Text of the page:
He said that his team is trying to access correct information and find out what evidence the prosecution might have.

“I have made an effort to share information with the media, including the foreign media, during this whole pre-trial motion,” he said.

Under the Japanese system, the prosecutors are not required to disclose all the evidence at their disposal. Japanese law requires that prosecutors must disclose anything related to any evidence related to the specific filings they make.

They must also disclose any evidence that is related to the filings that are made by the defense counsel. However, there is no requirement for them to disclose evidence from other parts.

Ghosn was arrested at Tokyo’s Haneda Airport on Nov. 19, 2018, on multiple charges related to his stewardship of the two companies.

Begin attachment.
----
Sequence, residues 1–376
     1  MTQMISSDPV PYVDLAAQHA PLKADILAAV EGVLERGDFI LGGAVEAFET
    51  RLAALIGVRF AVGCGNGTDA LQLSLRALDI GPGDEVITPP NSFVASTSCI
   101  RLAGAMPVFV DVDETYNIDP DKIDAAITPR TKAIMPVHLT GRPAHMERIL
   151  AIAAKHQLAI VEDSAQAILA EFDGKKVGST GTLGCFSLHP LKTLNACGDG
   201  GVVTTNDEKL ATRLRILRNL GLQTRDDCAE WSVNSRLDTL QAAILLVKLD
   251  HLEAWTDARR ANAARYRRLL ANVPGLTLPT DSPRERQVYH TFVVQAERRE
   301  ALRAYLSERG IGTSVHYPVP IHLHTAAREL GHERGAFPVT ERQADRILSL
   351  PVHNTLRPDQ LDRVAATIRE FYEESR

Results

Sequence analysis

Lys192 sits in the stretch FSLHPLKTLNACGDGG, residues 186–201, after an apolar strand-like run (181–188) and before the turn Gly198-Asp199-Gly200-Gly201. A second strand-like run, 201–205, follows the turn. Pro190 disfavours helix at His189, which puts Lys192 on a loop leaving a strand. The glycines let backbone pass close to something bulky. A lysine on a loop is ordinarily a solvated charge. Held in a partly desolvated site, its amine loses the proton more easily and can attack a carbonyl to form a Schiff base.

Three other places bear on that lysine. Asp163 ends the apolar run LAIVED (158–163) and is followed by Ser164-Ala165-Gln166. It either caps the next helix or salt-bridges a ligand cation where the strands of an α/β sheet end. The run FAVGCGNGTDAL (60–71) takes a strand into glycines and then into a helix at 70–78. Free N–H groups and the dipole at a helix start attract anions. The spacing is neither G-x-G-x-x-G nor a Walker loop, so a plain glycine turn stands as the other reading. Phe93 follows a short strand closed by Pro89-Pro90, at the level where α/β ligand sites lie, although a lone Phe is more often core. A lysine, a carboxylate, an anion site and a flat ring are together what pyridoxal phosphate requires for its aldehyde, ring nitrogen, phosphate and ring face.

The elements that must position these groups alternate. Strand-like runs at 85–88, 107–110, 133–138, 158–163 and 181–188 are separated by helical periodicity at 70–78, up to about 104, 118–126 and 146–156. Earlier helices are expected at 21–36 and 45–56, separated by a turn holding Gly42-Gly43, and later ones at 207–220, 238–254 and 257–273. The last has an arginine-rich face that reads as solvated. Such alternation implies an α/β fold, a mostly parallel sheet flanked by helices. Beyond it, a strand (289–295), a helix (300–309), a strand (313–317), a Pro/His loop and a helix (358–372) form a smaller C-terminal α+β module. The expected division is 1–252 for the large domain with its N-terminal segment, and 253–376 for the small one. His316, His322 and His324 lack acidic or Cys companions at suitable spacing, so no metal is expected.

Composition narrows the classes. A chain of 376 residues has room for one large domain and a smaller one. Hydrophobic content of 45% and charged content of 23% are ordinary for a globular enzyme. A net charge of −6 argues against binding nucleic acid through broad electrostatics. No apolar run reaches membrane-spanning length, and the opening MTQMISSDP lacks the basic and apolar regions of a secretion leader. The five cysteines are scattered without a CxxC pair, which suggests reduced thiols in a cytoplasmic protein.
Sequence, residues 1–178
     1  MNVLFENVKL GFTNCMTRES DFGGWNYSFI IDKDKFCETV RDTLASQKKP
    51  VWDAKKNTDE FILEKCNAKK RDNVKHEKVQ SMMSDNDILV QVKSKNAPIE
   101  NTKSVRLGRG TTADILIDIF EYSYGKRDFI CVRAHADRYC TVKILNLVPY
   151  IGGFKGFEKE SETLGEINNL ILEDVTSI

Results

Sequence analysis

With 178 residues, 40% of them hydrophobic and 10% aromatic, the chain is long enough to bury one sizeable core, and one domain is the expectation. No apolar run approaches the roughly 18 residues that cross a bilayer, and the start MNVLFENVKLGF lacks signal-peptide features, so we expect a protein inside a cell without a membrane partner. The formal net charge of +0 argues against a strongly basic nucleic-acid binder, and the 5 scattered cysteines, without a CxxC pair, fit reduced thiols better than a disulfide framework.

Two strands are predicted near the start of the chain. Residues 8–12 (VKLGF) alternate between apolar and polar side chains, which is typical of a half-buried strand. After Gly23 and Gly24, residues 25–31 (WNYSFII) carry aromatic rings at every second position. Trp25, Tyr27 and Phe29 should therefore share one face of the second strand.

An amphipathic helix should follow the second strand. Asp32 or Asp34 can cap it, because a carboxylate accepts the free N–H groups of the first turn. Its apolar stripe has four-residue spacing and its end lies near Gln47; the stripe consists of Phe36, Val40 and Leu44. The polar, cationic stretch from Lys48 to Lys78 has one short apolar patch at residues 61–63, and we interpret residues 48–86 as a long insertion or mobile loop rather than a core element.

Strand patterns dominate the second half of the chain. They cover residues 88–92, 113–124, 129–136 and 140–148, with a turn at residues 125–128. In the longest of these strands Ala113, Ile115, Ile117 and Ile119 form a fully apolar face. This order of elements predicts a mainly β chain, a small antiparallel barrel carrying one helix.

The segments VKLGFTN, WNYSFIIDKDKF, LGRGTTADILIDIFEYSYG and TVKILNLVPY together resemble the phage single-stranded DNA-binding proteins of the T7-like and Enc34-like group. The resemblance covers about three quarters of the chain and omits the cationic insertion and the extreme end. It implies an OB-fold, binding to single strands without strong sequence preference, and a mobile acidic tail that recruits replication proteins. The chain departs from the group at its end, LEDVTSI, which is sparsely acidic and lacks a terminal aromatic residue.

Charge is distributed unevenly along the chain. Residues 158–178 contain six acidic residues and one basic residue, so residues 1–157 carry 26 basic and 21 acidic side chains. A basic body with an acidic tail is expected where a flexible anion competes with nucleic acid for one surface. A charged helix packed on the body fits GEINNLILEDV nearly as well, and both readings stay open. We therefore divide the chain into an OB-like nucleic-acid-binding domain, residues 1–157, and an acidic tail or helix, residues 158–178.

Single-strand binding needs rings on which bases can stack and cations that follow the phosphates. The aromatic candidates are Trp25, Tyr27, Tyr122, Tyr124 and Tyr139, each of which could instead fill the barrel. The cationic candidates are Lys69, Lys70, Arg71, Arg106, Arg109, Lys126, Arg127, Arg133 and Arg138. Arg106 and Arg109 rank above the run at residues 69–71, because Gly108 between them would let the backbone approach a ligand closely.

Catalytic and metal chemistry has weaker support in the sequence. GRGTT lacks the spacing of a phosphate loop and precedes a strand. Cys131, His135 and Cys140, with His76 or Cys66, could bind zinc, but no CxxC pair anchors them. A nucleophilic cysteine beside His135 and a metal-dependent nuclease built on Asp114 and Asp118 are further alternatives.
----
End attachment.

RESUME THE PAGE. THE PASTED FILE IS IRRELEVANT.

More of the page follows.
The cases involved not only Nissan-Renault and Japan’s Mitsubishi Motors (part of the Franco-Japanese alliance), but also the Japanese and French governments along with various key players from Asia and the Middle East.

Nissan was on the brink of bankruptcy in March 1999, with about 2 trillion yen ($17.6 billion) in interest-bearing debt.

This is when it entered a capital partnership with major French automaker Renault SA. Ghosn has been credited for turning the company around dramatically since then.

However, fears that the high-profile CEO and chairman was planning to merge Nissan into a much larger multinational motor alliance appeared to have fueled speculation regarding the future of the company.

It was reportedly argued within Prime Minister Shinzo Abe’s government that the automaker would no longer be recognizably Japanese.

The case has larger ramifications and the two governments have routinely become involved in discussions related to its future.

According to news reports, when Macron and Abe met in Buenos Aires, the French president asked that the Franco-Japanese alliance be maintained.

On being asked by Arab News Japan about reports of a prosecution team visiting Saudi Arabia and Oman, Hironaka confirmed that the visit indeed took place after Ghosn’s arrest.

“However, we have not been given any access to any information that they may or may not have gathered there,” he said.